Following breakfast, take a train to Jhansi. This train journey will offer opportunity to see the early morning life around the country side, as you cover 235 kilometers. Please note: This train seat will be on air-conditioned coach class. Though Indian Railways is the largest rail network in Asia, traveling by train in India is not similar to traveling on Amtrak or European rail service. You will be assisted in boarding the correct coach and seat. Once you have reached the destination, just wait at the platform and do not leave the station. Upon arrival in Jhansi, head for Orchha. Orchha was founded in the 16th century by the Bundela king, Rudhra Pratap, on the banks of the Betwa River. This is a a medieval city f rozen in time and space, it exists today as it must have done in the 16th and 17th centuries. The countryside undulates gently between riverine plains and rolling forest-clad hills and the landscape is dotted with palaces and temples, a fortress and cenotaphs. The architecture is a synthesis of traditional Hindu, hybrid Indo-Saracenic, and ornate Mughal. One of the finest sights is the view of the cenotaphs from across the Betwa River. Visit the Jehangir Mahal, the most grandiose structure in Orchha; the Raja Mahal Rai Praveen Mahal. Stop for lunch at a local restaurant and continue drive to Khajuraho where all of life — joy, love, divinity, war — is depicted in fine detail on every inch of its 85 Hindu and Jain temples. Khajuraho was built by the Chandela dynasty, which rose to power in Central India between the 10th and 11th centuries and is home to some 25 odd temples depicting the different facets of life, including the erotic. These erotic carvings on some panels have given rise to much speculation since Khajuraho’s rediscovery by a British officer in 1838. To preserve it for posterity, Khajuraho has been declared a World Heritage Site and is among the prominent destinations on the world tourism map.
Following breakfast, explore the temples. Visit the western and eastern group of temples. Among the western group of temples, the most famous is the Kandariya Mahadev Temple, 32 meters high with a fantastic range of sculptures with sensuous themes. Other temples include the Chaunsat Yogini, which is a granite temple, the Devi Jagdambe temple dedicated to the Mother Goddess, the Chitragupta temple, dedicated to Surya the Sun God, etc. The eastern group of temples includes both Hindu and Jain temples. The largest and finest of the Jain shrines are Parsvanath temple. You will also see Adinatha Temple, Ghantai, and Vamana Temple. In the afternoon, fly to Varanasi. Flight from Khajuraho to Varanasi - Not included, to be booked by agent. Varanasi is a city with more than a thousand temples and shrines, sacred to Hindus and Buddhists alike (Please note: luggage allowance on this flight is 15 kilograms of checked-in baggage and 7 kilograms of hand luggage). On arrival, a representative will transfer you to your hote. The ‘eternal city’, Varanasi or Benares, is one of the most important pilgrimage sites in India, and the Ganges, which flows through the city, is believed to have the power to wash away the sins of mortals. Known as Kashi in the 7th century BC, it constitutes a microcosm of Indian life. For the Satpious Hindu, the city has always been a special place, and it is considered a particularly auspicious place to die, ensuring an instant routing to Heaven. In evening, make your way to the banks of the sacred Ganges for a special evening cruise on the Ganges River on candle-lit country boats to see the devout Hindus performing the ``Arti Puja`` with lighted lamps. The presiding priests stand on a Chauki (wooden stand) near the water. To the chant of Sanskrit mantras and the clash of cymbals and drums, the river is worshipped with flowers, incense, sandalwood, milk and vermilion. First, the blazing camphor lamp and then the many flamed aarti lamps are raised high and arched back to the water, the dark river reflects the golden flames as Ganges accepts the worship. It is the Ganges that gives Varanasi its spiritual resonance.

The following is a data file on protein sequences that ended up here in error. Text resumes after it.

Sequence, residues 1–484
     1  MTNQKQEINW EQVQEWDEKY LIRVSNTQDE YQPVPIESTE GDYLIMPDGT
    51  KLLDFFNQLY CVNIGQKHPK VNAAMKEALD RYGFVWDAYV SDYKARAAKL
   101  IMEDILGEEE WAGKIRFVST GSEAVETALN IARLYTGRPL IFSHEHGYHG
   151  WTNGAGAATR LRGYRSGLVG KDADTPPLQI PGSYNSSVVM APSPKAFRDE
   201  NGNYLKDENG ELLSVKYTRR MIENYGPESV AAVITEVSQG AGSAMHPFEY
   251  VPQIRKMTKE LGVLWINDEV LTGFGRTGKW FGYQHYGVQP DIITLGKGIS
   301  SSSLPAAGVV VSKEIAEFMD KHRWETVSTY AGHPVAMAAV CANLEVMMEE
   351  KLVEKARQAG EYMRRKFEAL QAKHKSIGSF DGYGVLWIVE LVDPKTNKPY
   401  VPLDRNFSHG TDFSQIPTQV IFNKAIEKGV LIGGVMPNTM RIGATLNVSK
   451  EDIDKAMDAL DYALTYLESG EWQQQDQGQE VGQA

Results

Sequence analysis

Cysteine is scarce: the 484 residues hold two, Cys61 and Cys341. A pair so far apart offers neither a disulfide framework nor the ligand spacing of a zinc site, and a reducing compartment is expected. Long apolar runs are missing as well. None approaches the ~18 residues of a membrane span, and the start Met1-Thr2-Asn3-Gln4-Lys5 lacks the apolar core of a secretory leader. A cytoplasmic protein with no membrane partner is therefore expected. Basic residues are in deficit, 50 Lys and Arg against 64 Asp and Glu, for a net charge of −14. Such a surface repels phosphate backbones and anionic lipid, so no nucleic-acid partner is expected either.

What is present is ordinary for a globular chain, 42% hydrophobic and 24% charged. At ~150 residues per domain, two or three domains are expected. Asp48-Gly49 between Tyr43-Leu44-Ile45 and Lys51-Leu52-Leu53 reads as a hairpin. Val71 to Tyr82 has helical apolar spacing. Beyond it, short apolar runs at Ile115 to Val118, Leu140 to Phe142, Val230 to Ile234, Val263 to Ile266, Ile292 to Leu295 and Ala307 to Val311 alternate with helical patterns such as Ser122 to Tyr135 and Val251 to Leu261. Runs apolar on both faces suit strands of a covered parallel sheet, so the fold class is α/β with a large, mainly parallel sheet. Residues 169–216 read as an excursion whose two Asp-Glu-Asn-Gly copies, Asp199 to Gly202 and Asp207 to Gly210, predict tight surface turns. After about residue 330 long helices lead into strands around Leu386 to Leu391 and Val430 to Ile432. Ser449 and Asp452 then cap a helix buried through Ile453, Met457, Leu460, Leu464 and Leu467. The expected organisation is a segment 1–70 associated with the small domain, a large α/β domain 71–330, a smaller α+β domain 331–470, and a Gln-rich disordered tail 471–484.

Early this morning, take a boat ride on the sacred Ganges. Hindus regard the Ganges as the elixir of life bringing purity to the living and salvation to the dead. Watch the wonderful colors of the sunrise as you meander along the sacred Ganges River in a boat. As part of their pilgrimage rites, the faithful walk down steps into the river to perform their religious ablutions. Watching the people worshipping at the ghats is an extraordinary experience. You may also witness a funeral pyre, an essential part of the traditional Hindu funeral ceremony. Disembark the boat and walk through the narrow streets of Varanasi before returning to the hotel. This walk will take you through an inextricable maze of small streets and alleyways, hiding in disorderly array no less than 2,000 temples and shrines. Domes, pinnacles, towers and derelict 18th-century palaces dominate the left bank of the Ganges River. The streets are noisy, colour is rife. Return to the hotel for breakfast. The rest of the afternoon is at your leisure. In the evening, interact with a Hindu scholar to discuss the philosophy of Hinduism. Tonight, gather for a farewell dinner at the hotel.
In the morning partake in a yoga session at the hotel. Yoga, the word derived from the Sanskrit word ``Yuj``, means to bind, join, attach and yoke, to direct and concentrate one's attention on, to use and apply. While practicing yoga, one exercises yoking of all the powers of body, mind, and soul. The remainder of the morning is at your leisure. In the afternoon, you will fly to Delhi. Flight from Varanasi to Delhi - Not included, to be booked by agent. (Please note: luggage allowance on this flight is 15 kilograms of checked-in baggage and 7 kilograms of hand luggage). Upon arrival in Delhi, you will head to your hotel in Delhi.
After breakfast, you'll be transferred to the international airport for your flight home.
• 2 nights in Delhi at Pride Plaza Hotel Aerocity or similar
• 2 nights in Jaipur at Holiday Inn Jaipur City Centre or similar
• 2 nights in Agra at Crystal Sarovar Premiere or similar
• 1 night in Khajuraho at Radisson Jass Hotel or similar
• 2 nights in Varanasi at Radisson Hotel Varanasi or similar
• 14 meals: 9 breakfast, 3 lunches, and 2 dinners
• Transportation in air-conditioned motor coach
• Services of English speaking local tour guide as per the program
• Entrance fees to the places of visit as per the itinerary
• Train fare for sector Agra – Jhansi in air-conditioned chair car class
• Rickshaw ride in Delhi
• Elephant ride to ascend Amber Fort in Jaipur
• Local market walk in Jaipur
• Henna tattoo demonstration in Jaipur
• Hi tea with local family in Agra
• Boat ride on Ganges River
• Yoga session with an expert in Varanasi
• Packaged drinking water in the coach throughout
• Domestic flights for Khajuraho - Varanasi - Delhi (approximately $250 per person)
• Any room service, telephone charges, mini bar, gratuities, or tips
• Personal expenses
• Meals not mentioned in the itinerary
Useful info about our trips